Songs for Awakening


Each language has its unique features, and its own means of poetical expression. When poetry is rendered into song, the words and music must harmonize. The ability to do this is an art acquired through long experience.

Mahayana Buddhism has been practiced by the Chinese Buddhists for a long time, and religious chanting has always been a part of monastery life. The Chinese way of chanting Sutras, however, differs from the original Indian way, simply because the languages are different.

In the sixth century. Master Hui-chiao wrote in the Kao-seng Chuan (Biographies of distinguished Monks), "Since the Great Religion (Buddhism) was introduced to the East, works of translation have been many, but the sounds have seldom been taught. This is because the Indian pronunciations and tunes are complicated while the Chinese words are of one syllable. If Indian tunes were to be used to chant the Chinese versions, one would find the music too short and the words too long. Therefore, the Golden Words have been translated, but the Indian tunes have not been taught."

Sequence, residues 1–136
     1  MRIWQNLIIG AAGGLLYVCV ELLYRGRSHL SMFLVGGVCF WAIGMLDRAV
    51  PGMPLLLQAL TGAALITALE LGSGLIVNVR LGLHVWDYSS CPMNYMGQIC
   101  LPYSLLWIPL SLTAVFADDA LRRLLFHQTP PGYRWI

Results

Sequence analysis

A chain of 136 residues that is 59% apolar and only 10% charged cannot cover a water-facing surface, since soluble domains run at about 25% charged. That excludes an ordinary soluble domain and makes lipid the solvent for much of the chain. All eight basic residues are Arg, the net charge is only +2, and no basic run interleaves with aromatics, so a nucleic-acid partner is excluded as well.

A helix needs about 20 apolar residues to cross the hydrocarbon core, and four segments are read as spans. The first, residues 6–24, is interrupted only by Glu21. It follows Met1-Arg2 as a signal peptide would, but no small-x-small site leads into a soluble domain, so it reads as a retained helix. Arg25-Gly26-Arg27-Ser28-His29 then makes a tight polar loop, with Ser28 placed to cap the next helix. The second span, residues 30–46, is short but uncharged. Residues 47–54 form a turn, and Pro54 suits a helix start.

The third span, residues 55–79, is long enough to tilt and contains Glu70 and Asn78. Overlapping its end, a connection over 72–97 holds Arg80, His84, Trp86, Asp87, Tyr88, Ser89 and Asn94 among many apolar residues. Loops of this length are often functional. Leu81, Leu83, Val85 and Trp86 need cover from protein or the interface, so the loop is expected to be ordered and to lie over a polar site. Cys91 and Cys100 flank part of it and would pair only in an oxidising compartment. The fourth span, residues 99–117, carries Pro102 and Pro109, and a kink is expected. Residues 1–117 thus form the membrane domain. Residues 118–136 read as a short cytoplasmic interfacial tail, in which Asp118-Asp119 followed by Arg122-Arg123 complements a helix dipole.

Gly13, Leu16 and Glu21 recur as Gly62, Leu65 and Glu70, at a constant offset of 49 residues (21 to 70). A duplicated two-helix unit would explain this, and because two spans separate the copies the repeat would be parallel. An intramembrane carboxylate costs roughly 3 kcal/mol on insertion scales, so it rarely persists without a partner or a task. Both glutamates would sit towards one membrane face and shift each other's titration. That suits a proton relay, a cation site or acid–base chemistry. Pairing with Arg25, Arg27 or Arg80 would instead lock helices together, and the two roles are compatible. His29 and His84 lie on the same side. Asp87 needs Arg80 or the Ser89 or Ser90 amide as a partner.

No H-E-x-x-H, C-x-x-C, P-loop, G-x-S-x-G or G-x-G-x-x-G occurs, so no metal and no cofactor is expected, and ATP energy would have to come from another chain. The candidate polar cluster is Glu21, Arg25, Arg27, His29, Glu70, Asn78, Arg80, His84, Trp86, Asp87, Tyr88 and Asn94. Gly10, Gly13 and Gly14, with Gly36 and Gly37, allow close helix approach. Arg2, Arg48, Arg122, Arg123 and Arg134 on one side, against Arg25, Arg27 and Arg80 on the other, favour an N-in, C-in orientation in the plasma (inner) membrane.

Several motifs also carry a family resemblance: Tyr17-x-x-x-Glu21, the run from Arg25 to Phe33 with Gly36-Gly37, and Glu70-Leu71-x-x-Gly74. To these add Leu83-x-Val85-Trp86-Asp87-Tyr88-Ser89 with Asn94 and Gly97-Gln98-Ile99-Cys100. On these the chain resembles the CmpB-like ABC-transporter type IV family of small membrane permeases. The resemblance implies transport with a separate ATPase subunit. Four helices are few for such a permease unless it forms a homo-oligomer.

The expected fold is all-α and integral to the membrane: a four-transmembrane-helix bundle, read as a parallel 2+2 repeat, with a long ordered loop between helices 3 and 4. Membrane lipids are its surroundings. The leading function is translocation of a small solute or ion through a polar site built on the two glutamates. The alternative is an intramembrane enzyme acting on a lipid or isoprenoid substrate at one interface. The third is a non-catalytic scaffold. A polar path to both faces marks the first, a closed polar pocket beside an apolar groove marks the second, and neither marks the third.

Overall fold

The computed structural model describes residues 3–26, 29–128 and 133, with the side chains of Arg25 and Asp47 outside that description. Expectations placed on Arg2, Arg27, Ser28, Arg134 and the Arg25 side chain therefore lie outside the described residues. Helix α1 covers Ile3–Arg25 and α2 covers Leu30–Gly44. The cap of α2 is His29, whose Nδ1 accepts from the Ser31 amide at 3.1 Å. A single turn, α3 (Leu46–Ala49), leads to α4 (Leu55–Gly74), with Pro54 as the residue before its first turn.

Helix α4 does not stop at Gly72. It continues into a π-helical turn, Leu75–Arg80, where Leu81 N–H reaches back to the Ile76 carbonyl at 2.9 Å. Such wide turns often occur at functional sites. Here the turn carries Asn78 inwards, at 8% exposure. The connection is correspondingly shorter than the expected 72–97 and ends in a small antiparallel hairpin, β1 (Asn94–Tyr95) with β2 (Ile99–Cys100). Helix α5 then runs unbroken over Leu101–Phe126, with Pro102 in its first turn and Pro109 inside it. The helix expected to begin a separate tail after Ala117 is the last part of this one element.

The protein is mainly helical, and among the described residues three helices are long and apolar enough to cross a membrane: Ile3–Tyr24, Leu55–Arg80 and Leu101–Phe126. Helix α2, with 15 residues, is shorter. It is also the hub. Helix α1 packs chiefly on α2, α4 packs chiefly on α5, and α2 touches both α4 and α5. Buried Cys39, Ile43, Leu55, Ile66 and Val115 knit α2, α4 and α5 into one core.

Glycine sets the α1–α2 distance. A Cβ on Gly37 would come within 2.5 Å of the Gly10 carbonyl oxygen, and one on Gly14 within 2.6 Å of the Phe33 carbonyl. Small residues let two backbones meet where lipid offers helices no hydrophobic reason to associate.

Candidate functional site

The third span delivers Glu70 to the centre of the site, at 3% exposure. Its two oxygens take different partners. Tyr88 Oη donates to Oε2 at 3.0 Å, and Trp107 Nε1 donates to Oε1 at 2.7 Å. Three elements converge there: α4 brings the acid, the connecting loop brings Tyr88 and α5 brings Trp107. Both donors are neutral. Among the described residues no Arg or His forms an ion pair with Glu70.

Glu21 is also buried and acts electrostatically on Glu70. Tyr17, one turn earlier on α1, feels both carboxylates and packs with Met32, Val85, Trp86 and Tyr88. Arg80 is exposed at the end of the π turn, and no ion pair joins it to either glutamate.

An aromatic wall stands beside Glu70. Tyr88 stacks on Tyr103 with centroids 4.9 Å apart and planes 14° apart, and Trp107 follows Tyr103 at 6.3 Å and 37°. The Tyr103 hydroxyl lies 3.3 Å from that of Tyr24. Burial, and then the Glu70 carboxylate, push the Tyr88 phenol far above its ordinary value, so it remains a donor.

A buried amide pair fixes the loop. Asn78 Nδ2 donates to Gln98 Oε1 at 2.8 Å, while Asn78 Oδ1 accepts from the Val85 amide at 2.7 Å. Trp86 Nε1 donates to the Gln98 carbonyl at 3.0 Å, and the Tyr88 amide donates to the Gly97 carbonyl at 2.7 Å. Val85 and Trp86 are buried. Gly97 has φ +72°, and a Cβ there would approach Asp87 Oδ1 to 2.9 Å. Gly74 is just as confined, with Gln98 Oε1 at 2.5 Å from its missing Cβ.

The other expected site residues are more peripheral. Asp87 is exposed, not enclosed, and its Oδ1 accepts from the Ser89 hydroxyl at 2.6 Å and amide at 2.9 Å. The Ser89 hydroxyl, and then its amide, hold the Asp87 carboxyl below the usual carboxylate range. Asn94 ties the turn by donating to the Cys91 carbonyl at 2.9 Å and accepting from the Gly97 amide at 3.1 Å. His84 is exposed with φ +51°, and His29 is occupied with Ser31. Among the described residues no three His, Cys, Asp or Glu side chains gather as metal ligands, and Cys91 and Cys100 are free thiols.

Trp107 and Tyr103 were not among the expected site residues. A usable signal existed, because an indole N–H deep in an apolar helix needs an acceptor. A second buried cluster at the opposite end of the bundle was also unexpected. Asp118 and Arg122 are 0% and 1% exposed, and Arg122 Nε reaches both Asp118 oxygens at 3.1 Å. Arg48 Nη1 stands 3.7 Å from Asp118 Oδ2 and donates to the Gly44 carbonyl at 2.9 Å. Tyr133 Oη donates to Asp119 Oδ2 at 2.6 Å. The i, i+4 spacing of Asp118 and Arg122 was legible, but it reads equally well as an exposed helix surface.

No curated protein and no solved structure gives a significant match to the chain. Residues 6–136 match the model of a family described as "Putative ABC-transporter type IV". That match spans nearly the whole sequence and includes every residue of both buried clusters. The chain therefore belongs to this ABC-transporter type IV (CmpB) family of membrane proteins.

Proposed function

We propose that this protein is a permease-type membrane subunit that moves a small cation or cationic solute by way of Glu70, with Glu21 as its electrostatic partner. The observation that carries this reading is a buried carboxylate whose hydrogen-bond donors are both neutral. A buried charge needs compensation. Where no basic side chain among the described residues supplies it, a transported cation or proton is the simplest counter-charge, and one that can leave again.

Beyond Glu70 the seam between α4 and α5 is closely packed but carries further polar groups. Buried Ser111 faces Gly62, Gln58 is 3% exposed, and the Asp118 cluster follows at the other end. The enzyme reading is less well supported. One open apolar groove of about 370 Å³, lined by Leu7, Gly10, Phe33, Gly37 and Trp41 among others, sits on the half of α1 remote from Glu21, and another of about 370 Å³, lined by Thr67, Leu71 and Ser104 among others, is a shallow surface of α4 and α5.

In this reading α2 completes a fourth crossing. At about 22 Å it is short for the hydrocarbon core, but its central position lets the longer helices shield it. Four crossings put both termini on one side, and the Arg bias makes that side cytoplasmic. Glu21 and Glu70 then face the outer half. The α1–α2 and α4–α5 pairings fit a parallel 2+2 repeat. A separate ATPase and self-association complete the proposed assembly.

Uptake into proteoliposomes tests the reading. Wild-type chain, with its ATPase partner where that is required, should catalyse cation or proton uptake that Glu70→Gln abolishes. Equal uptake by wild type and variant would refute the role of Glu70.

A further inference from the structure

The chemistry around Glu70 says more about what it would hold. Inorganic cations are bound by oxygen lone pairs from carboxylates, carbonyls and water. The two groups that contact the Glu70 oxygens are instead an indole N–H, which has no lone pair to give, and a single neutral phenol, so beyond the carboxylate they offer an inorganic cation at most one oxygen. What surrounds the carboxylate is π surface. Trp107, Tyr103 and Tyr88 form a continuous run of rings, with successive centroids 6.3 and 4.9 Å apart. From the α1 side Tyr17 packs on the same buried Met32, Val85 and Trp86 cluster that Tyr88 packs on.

The Chinese Buddhists, after the Three Kingdoms Period (third century), learned to chant the Chinese version of the Buddhist Canon in the Chinese way. This is called the chuan-tu, or "turning the Sutra." The chanting of Buddhist verses was called fan-pai, "Brahma chants."

New centers of Mahayana Buddhism are found in the Western world today. At the City of Ten Thousand Buddhas in Talmage, California, I have seen Chinese and American Buddhists practicing Mahayana Buddhism in the authentic conventional way. Besides that they are working hard to translate Sutras into English, mainly from the Chinese versions. They are also composing English poems and tunes in order to be chanted by English speaking people. I feel that both the verses and tunes are elegant and peaceful. This is a valuable task because it introduces simple and clear ideas to the followers. Easily understood by young and old, it can be regarded as a proper style, suited to the unique features of the English language.


Professor of Chinese 
University of Iowa
Iowa City, Iowa 
August, 1979